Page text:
Research ArticlePSYCHOLOGY

Media exposure to mass violence events can fuel a cycle of distress

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Science Advances  17 Apr 2019:
Vol. 5, no. 4, eaav3502
DOI: 10.1126/sciadv.aav3502


The established link between trauma-related media exposure and distress may be cyclical: Distress can increase subsequent trauma-related media consumption that promotes increased distress to later events. We tested this hypothesis in a 3-year longitudinal study following the 2013 Boston Marathon bombings and the 2016 Orlando Pulse nightclub massacre using a national U.S. sample (N = 4165). Data were collected shortly after the bombings, 6 and 24 months post-bombings, and beginning 5 days after the Pulse nightclub massacre (approximately 1 year later; 36 months post-bombings). Bombing-related media exposure predicted posttraumatic stress symptoms (PTS) 6 months later; PTS predicted worry about future negative events 2 years after the bombings, which predicted increased media consumption and acute stress following the Pulse nightclub massacre 1 year later. Trauma-related media exposure perpetuates a cycle of high distress and media use.


Countless mass violence events have stunned the world in recent years, including tragedies such as the massacre at the Pulse nightclub in Orlando, FL, and the mass shooting at a country music festival in Las Vegas, NV, each described at the time as the “worst mass shooting” in the history of the United States. Unfortunately, coverage of these and other large-scale collective traumas (e.g., terrorist attacks and disasters) appears in traditional and social media with increasing frequency; this extensive media coverage is often repetitious and regularly includes graphic images and videos (1), as well as sensationalized descriptions of the events. Repeated exposure to news coverage of these events has been linked to poor mental health outcomes (e.g., acute stress) in the immediate aftermath (24) and posttraumatic stress responses and physical health problems over time (2, 5). The 24-hour news cycle and the proliferation of mobile technologies mean that much of the viewing public is regularly plugged into news updates. Thus, media coverage of collective, community-based traumas may transmit distress by broadcasting an event to whole populations, extending the reach of an event that would otherwise have been restricted to local communities (6).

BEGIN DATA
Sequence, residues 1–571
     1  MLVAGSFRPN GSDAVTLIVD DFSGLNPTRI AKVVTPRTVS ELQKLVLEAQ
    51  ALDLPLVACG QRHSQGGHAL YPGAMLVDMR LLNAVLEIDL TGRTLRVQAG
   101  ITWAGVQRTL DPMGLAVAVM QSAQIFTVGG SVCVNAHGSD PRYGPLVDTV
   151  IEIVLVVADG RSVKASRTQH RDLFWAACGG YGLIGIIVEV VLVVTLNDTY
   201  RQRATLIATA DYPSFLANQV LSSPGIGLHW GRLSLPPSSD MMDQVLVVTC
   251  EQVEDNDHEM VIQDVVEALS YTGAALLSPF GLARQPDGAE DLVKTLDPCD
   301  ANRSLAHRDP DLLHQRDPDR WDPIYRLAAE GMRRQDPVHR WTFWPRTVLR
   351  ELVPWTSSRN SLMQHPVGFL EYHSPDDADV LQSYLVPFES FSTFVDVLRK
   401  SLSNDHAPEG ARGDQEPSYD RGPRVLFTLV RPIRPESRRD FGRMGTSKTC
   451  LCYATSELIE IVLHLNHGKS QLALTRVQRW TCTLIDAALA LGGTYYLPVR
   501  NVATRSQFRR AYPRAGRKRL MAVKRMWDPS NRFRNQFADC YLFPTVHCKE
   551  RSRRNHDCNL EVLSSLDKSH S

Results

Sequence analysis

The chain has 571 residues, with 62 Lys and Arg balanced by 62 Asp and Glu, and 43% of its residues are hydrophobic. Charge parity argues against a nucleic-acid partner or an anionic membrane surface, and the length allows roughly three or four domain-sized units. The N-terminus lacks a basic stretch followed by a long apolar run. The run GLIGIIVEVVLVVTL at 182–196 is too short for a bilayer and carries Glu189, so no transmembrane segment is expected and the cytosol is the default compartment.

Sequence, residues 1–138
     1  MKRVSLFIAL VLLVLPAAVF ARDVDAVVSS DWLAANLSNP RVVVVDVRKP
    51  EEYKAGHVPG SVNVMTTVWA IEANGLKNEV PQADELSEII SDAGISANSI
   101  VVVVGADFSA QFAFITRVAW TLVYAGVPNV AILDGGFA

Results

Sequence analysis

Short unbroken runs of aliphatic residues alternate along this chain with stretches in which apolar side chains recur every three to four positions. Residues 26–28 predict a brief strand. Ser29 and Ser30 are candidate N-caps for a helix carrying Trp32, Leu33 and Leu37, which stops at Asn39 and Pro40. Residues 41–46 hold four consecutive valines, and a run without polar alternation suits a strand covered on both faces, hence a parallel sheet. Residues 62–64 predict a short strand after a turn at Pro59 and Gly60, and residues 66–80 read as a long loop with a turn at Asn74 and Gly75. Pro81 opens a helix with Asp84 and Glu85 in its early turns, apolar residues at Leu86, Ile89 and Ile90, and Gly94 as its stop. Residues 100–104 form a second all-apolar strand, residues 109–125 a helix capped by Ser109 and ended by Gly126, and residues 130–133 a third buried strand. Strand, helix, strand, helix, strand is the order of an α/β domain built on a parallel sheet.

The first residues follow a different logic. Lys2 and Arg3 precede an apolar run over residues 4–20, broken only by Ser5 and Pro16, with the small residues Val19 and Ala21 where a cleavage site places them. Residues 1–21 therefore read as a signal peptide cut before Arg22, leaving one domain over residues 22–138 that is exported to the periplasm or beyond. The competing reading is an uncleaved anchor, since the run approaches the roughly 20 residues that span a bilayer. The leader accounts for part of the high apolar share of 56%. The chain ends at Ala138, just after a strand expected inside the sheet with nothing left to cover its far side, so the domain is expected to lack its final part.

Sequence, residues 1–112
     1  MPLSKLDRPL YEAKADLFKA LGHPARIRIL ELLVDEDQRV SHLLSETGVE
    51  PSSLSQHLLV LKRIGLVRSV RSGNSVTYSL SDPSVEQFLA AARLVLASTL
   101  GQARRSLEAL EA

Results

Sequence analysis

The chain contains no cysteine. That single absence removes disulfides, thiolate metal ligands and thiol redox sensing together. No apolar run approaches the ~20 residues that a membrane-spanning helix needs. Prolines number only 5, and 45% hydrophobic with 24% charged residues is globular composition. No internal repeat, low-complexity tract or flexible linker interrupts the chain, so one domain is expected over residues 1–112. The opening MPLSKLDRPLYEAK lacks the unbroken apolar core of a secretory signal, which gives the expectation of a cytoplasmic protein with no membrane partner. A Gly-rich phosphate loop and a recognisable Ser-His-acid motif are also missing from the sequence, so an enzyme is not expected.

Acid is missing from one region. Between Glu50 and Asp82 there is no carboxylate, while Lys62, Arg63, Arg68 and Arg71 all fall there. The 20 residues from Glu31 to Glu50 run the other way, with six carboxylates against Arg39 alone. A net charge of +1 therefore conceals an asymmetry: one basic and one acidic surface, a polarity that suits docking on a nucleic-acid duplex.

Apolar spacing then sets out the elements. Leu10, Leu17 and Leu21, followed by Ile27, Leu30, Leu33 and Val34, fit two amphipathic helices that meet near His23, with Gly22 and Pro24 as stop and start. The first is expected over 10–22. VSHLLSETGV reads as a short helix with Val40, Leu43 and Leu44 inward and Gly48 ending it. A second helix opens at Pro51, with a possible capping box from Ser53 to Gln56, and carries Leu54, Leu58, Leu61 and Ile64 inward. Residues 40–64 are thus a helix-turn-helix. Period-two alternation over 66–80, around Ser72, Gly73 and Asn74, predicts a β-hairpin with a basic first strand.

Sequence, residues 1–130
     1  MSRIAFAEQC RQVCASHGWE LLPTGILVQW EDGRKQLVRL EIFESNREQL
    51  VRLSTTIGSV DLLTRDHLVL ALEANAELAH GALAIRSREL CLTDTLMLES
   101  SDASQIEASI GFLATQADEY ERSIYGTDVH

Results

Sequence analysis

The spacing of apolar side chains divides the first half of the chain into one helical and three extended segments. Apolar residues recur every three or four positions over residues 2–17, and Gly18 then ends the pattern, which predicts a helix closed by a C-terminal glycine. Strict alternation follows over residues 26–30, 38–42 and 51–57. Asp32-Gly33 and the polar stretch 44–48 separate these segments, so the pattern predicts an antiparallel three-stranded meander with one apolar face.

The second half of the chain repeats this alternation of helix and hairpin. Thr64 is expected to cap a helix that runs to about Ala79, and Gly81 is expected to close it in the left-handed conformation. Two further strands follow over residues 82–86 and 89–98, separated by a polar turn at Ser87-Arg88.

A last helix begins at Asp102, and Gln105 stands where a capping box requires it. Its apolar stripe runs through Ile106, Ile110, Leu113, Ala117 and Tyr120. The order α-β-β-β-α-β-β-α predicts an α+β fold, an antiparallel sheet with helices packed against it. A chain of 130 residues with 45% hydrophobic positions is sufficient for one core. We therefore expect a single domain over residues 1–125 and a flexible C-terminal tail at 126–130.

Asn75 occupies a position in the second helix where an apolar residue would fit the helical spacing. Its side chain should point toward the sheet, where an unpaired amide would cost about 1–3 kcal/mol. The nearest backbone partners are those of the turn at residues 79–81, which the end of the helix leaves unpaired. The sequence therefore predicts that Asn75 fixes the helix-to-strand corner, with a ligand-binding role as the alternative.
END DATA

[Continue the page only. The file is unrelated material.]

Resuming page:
Research also suggests that consumption of media coverage of collective traumas may be a rational response for individuals who are anxious about such events. The uncertainty management hypothesis (79) states that individuals may experience anxiety resulting from feelings of uncertainty associated with collective traumas. To mitigate this anxiety and the uncertainty from which it stems, individuals who are concerned about a collective trauma may seek information from the media. Thus, individuals with increased event-related fear should be more likely to cope by consuming trauma-related media. Furthermore, this is likely to be true even for individuals without a history of mental health problems—even healthy individuals pay greater attention to stimuli they perceive as threatening (1012). However, this strategy of reducing uncertainty by seeking information via the media may backfire when individuals are exposed to graphic trauma-related media content. For example, in the aftermath of the September 11th (9/11) terrorist attacks, individuals who perceived the media as a provider of useful information were more likely to consume 9/11-related media coverage, but this media use was associated with increased distress over time (7).

Thus, an individual’s media use after a collective trauma may fuel a cycle of distress by exacerbating distress and worry about future events, which promotes even greater distress when these events ultimately occur. Worry about the future is commonly associated with posttraumatic stress (13, 14) and is a hallmark symptom of most anxiety disorders. Because worry about the future is associated with protective decision-making (15), to the extent that people consume media to gather information they can use to protect themselves from a perceived threat, previous worries about future events should be associated with future media use as well.

After a collective trauma, other individual-level characteristics and experiences may underpin psychological vulnerability and information-seeking behavior. Those who have experienced more violence in their lives often see themselves at greater risk of exposure to future negative events (16) and are more likely to develop mental health problems following subsequent violent and nonviolent traumas (17). Individuals with previously diagnosed mental health ailments are also more likely to report high distress and greater incidence of physical health ailments over time following community-based traumas (18, 19). Research also finds that individuals with past exposure to collective traumas encounter more media coverage of subsequent collective traumas (1) and suggests that mental health may be implicated in media exposure (1, 20). Thus, it may be the case that individuals with these characteristics and experiences may be at greater risk of falling into patterns of traumatic media exposure and distress in a trauma’s aftermath.